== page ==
A 3D-jockey, or 3DJ led the spectators around the Khufu construction site, following directions to approach certain details or enter particular spaces. The 3D virtual experience was also uploaded to the Dassault Systèmes website, allowing millions of internet users to take off for the Egypt of Khufu’s time. A documentary mixing footage shot in the field and 3D images of the experience was produced the following year.

Der Manuelian realised the added value potential of immersive 3D for navigating through the immense data pertaining to Giza, so approached the team at Dassault Systèmes. Different eras in the history of the Giza Necropolis had to be reconstituted and the data digitised to create an interactive experience that put the finds in their proper context. In this way, the general public could visit an extremely realistic, virtual Giza Necropolis. Researchers and academics could also share new data and collaborate to advance the state of knowledge of the Giza Plateau together.

Time travel
The ravages of weather have left tombs on the Giza Plateau in poor condition. Using information compiled in expeditions, the Necropolis has been reconstituted at various periods in time. As a result, the mastabas and other monuments can be visited in 3D in a state of virtual conservation considerably better than the reality, as some have entirely disappeared.

The Necropolis can now be viewed in various stages of completion and from any angle, including aerial 3D views, cross sections of the ground and passing through walls. People can visit a mastaba, restore all the finds discovered there to their original context and consult the available documentation from the database.

The tombs can also be considered from other angles, such as isolating a sub-group and observing the relations between the tombs of a single family or going below ground to follow the complicated maze of shafts linking tombs in search of a logical system or a story.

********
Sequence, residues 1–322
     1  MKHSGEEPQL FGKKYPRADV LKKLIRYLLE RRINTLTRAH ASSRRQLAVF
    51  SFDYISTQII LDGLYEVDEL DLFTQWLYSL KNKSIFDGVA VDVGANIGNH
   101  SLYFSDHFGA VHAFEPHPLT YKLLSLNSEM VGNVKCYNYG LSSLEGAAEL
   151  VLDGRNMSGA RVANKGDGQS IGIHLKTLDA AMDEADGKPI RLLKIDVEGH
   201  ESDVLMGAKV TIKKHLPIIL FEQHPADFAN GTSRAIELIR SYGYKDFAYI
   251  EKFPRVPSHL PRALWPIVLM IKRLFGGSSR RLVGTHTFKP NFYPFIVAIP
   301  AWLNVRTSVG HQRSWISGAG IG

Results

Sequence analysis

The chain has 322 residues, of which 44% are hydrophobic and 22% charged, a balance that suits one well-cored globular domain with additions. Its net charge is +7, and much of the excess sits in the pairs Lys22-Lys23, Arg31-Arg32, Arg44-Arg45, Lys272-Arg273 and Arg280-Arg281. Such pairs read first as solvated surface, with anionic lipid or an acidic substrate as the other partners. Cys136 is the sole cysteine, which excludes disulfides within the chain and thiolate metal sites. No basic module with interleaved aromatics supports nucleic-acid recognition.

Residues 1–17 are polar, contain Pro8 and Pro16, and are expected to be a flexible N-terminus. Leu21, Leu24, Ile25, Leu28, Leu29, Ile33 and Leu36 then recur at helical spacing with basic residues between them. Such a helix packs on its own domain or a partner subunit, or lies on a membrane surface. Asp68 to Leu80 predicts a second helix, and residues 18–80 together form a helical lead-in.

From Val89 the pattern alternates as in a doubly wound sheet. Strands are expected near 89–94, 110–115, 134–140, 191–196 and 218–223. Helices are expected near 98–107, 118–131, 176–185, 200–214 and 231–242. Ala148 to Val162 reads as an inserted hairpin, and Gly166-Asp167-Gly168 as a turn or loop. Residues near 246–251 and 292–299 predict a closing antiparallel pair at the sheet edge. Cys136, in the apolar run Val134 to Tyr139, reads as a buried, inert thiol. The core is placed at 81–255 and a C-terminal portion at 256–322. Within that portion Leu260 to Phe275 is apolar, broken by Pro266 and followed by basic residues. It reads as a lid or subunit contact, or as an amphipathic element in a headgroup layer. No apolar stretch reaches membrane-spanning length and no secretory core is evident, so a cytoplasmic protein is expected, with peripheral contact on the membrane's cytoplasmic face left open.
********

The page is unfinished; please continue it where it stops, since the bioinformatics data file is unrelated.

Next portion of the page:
Reconstruction of vanished temples or tombs from available information makes it possible to trace the entire history of the Giza Plateau at different eras and follow the development of the Necropolis down through the centuries. Various arrangements of the monuments can be quickly prototyped, allowing simple and speedy testing of multiple hypotheses. The use of 3D has enabled the discovery of new correlations, raising fresh questions and helping to advance the overall knowledge of Giza.

Tomorrow’s museums
The online publication of the Giza 3D project makes sharing it much easier. Instead of shipping fragile archival photos and documents from collections around the world for temporary exhibitions, the digitilised, 3D can be placed in context of the tombs they came from, with all the corresponding information.

Installed in interactive terminals or on pads provided, interactive 3D can give visitors a new dimension to objects exhibited in glass cases, showing them in their context and bringing them to life, balancing scientific discipline and technological creativity.

Museums can equip themselves with everything from simple 3D televisions, such as those used in the At the Foot of the Great Pyramids temporary exhibition at Germany’s Pelizaeus-Museum in Hildesheim and a forthcoming exhibition in Vienna planned for this year – to more complex immersive systems. These include a virtual reality cave with interactive tours where visitors wear special glasses and visit the restored tombs, shafts and burial chambers.

Giza 3D is a complex project involving management of a wealth of data in an attractive, realistic and user-friendly presentation. It’s both a demonstration of the power of 3D in the service of specialised research and an example of universal knowledge sharing.

For more information, visit http://giza3d.3ds.com

Originally published in Attractions Management 2013 issue 1